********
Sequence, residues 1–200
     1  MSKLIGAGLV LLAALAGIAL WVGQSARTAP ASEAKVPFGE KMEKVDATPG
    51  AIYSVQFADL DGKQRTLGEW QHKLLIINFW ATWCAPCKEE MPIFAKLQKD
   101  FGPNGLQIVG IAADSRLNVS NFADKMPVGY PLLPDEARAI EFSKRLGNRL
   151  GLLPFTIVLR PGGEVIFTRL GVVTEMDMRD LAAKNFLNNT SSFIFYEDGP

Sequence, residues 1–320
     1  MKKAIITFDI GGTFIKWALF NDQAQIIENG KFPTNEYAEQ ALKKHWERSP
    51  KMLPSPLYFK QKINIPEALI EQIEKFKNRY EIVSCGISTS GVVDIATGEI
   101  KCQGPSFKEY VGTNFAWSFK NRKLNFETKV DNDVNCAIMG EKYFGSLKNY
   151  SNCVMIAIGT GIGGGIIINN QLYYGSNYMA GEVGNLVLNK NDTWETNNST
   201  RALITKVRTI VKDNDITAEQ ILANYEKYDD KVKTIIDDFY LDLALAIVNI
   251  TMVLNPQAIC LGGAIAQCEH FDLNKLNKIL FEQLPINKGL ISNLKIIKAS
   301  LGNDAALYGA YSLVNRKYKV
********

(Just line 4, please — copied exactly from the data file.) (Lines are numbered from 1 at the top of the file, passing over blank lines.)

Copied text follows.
   101  FGPNGLQIVG IAADSRLNVS NFADKMPVGY PLLPDEARAI EFSKRLGNRL